Modernised awards will put up bread price, say bakers


Modernised awards will put up bread price, say bakers

The baking industry is claiming the price of bread will rise because of the introduction of modernised awards.


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The baking industry is claiming the price of bread will rise because of the introduction of modernised awards.
The Baking Manufacturer’s Industry Association of Australia (BMIAA) says a recent comparison of the spread of ordinary hours of work in industrial awards around Australia has highlighted the strong likelihood that costs will increase.
‘The AIRC has to take into account the 24-hour-a-day nature of the baking industry and not penalise small bakeries by reducing the numbers of hours available to employers designated as ordinary hours of work,’ said the national president of the BMIAA, Stewart Latter.
Start at 3 am
‘A bakery’s day usually starts at 3 am and this has been the start of the normal baking working day for centuries.'
‘I look forward to the Commission looking favourably on the submission being lodged by the BMIAA which gives a realistic summary of the spread of ordinary hours.’
Latter claimed increases in employment costs will have disastrous effects on the long-term viability of many bakeries, especially in remote and regional areas.
He said small bakeries have a very heavy reliance on employment and cost increases will have a negative effect.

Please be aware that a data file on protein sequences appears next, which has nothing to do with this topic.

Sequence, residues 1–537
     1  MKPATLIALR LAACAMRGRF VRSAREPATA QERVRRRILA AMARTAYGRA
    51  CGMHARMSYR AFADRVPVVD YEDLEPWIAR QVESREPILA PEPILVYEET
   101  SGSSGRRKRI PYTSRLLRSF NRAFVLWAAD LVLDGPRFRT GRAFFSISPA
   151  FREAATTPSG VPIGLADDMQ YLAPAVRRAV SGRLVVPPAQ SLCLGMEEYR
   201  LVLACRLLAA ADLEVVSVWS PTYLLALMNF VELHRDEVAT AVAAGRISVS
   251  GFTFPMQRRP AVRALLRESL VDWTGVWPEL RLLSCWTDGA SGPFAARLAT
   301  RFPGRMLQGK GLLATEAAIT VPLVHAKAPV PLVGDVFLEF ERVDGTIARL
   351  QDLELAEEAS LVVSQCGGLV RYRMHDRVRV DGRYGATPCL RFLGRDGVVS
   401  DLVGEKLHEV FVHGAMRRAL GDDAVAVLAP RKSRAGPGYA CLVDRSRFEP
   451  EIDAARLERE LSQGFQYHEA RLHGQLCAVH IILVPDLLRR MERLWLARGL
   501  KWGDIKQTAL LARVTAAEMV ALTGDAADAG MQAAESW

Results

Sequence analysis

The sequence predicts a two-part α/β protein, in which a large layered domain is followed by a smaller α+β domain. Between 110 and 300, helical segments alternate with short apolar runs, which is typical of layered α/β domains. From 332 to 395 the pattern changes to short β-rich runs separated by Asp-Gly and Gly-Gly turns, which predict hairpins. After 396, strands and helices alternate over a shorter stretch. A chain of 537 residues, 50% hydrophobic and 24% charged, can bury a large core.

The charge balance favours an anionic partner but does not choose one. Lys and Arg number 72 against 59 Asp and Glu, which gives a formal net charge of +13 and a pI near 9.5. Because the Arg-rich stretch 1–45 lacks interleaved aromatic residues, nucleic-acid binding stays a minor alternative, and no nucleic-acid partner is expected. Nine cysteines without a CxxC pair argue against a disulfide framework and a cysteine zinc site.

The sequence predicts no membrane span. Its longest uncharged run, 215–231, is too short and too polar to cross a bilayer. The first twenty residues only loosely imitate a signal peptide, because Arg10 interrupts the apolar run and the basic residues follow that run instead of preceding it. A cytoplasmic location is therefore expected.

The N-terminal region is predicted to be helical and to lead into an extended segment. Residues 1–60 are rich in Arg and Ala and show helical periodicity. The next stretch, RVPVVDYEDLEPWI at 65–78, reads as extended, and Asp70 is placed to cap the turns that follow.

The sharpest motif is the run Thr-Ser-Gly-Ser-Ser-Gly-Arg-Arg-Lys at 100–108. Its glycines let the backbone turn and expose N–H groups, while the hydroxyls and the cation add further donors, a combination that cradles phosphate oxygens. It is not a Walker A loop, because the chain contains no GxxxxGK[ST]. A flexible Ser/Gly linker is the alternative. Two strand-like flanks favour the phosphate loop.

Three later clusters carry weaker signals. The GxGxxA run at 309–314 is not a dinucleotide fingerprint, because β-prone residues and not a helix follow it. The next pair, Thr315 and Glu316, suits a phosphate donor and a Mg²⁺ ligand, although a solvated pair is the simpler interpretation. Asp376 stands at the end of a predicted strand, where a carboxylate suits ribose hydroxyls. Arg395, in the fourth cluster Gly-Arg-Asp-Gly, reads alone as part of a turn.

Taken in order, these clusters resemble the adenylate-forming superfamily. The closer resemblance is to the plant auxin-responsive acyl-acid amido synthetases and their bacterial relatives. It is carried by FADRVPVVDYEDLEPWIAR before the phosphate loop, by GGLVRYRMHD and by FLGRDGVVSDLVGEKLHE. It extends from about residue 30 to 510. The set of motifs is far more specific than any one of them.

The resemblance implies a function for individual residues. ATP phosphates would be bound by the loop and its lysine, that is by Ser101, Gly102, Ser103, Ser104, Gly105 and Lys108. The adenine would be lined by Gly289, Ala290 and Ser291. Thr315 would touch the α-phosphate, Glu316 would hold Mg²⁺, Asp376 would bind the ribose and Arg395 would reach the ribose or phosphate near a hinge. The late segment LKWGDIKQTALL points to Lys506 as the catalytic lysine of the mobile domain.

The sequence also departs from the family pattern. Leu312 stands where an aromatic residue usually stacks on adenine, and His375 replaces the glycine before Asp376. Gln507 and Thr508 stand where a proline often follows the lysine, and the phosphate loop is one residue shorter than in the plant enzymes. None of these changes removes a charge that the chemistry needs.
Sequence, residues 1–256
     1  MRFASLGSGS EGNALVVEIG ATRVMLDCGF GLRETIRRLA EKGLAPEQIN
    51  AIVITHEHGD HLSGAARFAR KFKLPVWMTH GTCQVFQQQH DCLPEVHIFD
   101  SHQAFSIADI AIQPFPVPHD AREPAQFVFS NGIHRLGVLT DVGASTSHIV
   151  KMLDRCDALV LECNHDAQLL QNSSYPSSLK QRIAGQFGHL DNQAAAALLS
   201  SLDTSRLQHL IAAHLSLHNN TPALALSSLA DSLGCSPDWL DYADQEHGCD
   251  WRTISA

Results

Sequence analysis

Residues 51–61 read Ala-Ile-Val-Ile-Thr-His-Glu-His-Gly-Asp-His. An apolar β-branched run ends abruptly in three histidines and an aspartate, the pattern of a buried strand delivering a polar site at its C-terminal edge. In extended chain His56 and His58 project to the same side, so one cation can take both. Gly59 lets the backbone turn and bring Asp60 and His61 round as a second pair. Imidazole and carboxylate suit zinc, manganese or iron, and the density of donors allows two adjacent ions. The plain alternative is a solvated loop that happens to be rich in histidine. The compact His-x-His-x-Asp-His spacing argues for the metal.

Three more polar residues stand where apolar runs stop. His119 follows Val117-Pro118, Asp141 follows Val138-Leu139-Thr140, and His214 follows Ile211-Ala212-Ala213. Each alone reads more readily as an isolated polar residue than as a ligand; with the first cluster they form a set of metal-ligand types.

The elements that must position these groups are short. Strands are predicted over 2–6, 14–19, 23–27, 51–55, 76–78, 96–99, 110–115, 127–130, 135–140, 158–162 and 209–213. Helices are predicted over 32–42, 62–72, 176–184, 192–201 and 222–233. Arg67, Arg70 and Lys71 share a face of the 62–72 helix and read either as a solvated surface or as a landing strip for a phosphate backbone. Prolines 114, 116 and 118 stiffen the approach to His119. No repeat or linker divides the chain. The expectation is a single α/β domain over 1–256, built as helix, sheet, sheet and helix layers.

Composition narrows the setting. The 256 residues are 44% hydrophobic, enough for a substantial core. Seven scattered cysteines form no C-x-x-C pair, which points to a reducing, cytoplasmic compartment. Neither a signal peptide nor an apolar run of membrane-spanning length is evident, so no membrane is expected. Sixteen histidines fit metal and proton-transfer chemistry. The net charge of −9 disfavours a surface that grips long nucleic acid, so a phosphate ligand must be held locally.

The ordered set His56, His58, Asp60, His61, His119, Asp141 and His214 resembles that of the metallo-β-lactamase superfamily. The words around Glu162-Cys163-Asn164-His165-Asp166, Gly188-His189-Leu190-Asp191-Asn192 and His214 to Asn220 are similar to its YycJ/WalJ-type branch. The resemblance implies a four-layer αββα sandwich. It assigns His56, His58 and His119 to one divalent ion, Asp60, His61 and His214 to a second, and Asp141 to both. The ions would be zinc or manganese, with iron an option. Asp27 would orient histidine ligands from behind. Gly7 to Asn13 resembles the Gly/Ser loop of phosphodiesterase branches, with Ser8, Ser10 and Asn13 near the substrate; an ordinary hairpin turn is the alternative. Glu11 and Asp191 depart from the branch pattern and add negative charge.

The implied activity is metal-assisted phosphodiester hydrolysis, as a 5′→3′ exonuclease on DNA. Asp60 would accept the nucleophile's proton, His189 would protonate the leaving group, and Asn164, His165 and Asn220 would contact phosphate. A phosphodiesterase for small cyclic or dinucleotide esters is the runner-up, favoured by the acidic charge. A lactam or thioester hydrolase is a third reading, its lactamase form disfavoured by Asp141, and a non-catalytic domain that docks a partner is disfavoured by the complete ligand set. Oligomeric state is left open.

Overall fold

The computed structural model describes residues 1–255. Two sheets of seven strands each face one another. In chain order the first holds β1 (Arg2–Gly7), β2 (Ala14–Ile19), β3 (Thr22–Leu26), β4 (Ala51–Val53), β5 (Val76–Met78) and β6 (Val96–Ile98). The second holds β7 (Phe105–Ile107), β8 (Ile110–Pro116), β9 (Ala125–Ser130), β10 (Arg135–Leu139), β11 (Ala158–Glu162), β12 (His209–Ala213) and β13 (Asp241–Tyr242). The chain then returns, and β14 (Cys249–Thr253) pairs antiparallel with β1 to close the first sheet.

Protect jobs
‘While the association welcomes the modernisation and streamlining of awards, it is vital to protect jobs at this time in an industry already struggling with skills shortages and rising input prices,’ he said.
The Australian Chamber of Commerce and Industry (ACCI) has also claimed modernised awards will add to employers’ costs.
It says hundreds of thousands of employers in the hospitality, retail and related service industries are set to pay higher penalty rates, allowances, overtime, annual leave and wages solely in the name of regulatory clean up (as hundreds of existing awards are rolled into a smaller number).
In evidence to the Senate Committee, business organisations demonstrated that some employers face labour cost increases of 20% from next year solely from new award regulation.
‘Paying more to employ people simply because regulations are being consolidated is unacceptable. It will start the new industrial relations system on the wrong note,’ ACCI said.
‘Labour cost increases on this basis are grossly unfair to employers. They will cost jobs in labour intensive and award-reliant industries.'
No additional costs
‘The government said there would not be additional costs from award modernisation, and the Senate has an obligation to make sure there are not.'
‘The Fair Work Bill should be amended to direct the Commission that no new industrial award should increase employer costs.’
ACCI said Fair Work Australia will be able to order that an employee’s pay not be reduced in the transition onto a modern award, and employers need equal protection against additional award costs.
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